After that, we discussed a wide range of related socio-economic and environmental issues. Finally, we ended up examining individual species that had been extirpated. Some of them, like beavers, have since been reintroduced. Others, like lynx, could be reintroduced in the future. And wolves… yes we talked about wolves too. But don’t worry, this conversation wasn’t about some fantasies. I feel like we had a very reasonable and balanced discussion. Check it out and let me know what you think in the comments.

Episode 80: Into the Wilderness with Byron Pace

Listen on Apple Podcasts Listen on Google Podcasts

Byron Pace needs no introduction to most of you. He is a man of many talents: a filmmaker, photographer, writer and the host of the excellent Into The Wilderness and Into The Anthropocene podcasts. Given that we share many topics, and even guests, on our podcasts I was delighted to talk with Byron. During our conversation, we discussed the importance of hunters and anglers for wildlife conservation and education about the natural world. We also delved into the subject of rewilding. Obviously, I didn’t forget to ask Byron about his road to becoming such a prominent outdoors content creator. For me, this truly is a milestone episode. Please enjoy Tommy’s Outdoors number 80.

Episode 75: Rewilding Ireland with David Smyth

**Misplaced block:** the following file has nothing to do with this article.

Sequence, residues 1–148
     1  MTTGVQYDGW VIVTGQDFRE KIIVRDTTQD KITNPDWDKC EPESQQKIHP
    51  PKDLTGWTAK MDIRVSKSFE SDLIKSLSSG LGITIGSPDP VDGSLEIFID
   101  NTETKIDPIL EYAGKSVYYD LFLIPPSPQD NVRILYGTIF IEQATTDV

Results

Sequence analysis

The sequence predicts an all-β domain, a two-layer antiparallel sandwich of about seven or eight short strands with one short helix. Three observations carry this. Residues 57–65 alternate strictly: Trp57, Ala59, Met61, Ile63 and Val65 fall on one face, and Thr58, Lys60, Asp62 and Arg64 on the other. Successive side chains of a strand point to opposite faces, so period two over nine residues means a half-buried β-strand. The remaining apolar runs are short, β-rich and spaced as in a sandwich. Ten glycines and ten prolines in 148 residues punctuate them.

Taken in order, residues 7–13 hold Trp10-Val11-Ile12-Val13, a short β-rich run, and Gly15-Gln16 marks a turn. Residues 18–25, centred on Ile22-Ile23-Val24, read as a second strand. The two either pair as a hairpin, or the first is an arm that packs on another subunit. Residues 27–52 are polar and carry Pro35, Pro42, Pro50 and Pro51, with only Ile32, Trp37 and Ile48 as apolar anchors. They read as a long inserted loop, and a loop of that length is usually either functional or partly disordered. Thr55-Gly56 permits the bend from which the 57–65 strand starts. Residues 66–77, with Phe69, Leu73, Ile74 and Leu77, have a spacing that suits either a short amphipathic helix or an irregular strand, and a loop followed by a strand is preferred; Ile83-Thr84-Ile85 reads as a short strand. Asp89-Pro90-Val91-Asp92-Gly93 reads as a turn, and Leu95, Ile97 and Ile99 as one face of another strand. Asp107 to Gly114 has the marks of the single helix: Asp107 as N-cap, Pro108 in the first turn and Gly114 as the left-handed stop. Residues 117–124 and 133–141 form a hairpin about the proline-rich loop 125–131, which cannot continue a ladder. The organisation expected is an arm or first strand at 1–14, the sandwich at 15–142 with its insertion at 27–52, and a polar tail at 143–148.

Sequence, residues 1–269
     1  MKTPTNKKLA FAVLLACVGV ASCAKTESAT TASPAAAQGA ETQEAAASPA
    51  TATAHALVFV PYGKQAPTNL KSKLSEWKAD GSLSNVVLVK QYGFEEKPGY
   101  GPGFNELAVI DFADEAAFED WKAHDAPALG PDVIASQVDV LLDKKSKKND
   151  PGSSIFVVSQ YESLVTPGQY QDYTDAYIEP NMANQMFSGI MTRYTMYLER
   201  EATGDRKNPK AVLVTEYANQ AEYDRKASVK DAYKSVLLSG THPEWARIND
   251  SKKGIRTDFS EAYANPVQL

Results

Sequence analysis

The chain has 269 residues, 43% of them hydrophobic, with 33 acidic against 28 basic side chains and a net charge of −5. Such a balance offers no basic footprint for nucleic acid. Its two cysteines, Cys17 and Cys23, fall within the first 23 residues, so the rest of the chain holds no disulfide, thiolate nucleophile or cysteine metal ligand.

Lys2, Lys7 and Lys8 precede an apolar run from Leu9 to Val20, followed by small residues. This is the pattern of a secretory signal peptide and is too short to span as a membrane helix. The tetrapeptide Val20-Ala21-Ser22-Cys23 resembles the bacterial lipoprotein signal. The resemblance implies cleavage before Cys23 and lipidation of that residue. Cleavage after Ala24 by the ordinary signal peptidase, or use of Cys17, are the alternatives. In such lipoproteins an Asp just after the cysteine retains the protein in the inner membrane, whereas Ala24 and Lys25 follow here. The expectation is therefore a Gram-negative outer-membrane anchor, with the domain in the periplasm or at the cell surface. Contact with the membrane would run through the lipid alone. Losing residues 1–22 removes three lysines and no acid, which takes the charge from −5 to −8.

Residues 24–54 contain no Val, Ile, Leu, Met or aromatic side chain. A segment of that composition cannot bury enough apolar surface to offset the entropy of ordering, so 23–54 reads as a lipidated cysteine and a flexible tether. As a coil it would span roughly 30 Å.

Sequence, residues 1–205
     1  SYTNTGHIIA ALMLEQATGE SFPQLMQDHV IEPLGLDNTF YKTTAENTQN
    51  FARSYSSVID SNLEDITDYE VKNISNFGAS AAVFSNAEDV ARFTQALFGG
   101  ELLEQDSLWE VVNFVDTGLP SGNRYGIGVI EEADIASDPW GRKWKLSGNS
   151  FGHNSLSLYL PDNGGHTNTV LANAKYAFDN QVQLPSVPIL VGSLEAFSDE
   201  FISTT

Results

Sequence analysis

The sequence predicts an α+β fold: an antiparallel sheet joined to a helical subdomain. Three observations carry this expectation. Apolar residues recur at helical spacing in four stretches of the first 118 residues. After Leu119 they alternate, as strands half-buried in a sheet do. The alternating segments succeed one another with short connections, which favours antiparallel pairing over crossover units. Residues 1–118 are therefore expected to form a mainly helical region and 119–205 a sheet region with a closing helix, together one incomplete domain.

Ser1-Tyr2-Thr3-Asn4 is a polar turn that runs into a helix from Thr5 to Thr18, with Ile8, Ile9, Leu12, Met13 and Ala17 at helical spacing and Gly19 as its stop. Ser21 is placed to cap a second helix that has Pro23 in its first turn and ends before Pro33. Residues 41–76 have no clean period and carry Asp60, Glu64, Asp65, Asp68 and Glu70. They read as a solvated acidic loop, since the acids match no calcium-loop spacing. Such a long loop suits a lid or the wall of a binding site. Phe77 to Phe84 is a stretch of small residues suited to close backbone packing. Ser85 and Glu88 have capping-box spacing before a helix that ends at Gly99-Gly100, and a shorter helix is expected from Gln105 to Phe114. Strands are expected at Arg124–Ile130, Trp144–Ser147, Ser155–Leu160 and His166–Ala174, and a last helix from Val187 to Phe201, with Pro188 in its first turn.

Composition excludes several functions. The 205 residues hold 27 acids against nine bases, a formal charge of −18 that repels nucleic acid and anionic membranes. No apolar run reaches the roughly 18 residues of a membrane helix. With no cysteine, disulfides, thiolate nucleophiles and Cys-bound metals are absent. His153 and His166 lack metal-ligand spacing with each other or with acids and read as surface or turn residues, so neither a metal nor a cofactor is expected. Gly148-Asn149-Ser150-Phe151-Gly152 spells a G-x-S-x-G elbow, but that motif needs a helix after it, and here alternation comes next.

Listen on Apple Podcasts Listen on Google Podcasts

This is yet another episode where my guest and I take on the subject of rewilding. This time our guest is the host of the discussion platform called Rewilding Ireland

During the podcast, we talk in length about various aspects of rewilding but we also talk about the future of the Rewilding Ireland platform. And towards the end of the podcast, we spend some time discussing whether or not megafauna should be a part of our rewilding efforts.

Episode 73: Quantitative Ecology with Kilian Murphy

Listen on Apple Podcasts Listen on Google Podcasts

Is it possible to use artificial intelligence to tell us how rewilding will look in any area where it is implemented? Is it possible to create a computer model that would tell us how the species eradicated from the landscape hundreds of years ago would behave when reintroduced? Listen to my conversation with Kilian Murphy where we talk about such models.

During the podcast we discuss the possibility of reintroducing wolves and wild boars to Ireland, and the difference in perception of rewilding between city-dwellers and farmers. We also touch on the role hunters have to play in rewilding projects and discuss the dynamics and density of the deer population in Ireland.

Episode 71: The European Federation for Hunting and Conservation with David Scallan

Listen on Apple Podcasts Listen on Google Podcasts

The European Federation for Hunting and Conservation, or FACE for short, is an international organization that represents the interests of European hunters. It serves as a bridge between the institutions of the European Union and hunters.

In episode 59 I talked with Dan Curley, the chairman of NARGC, the Irish member organization of FACE. Today, however, we’re going to talk about hunting from the European perspective, with our guest, FACE Secretary General, Dr. David Scallan.

During our conversation, we discuss the biodiversity manifesto, rewilding projects, hunting’s PR, as well as the ongoing process aimed at restricting the use of lead in field sports.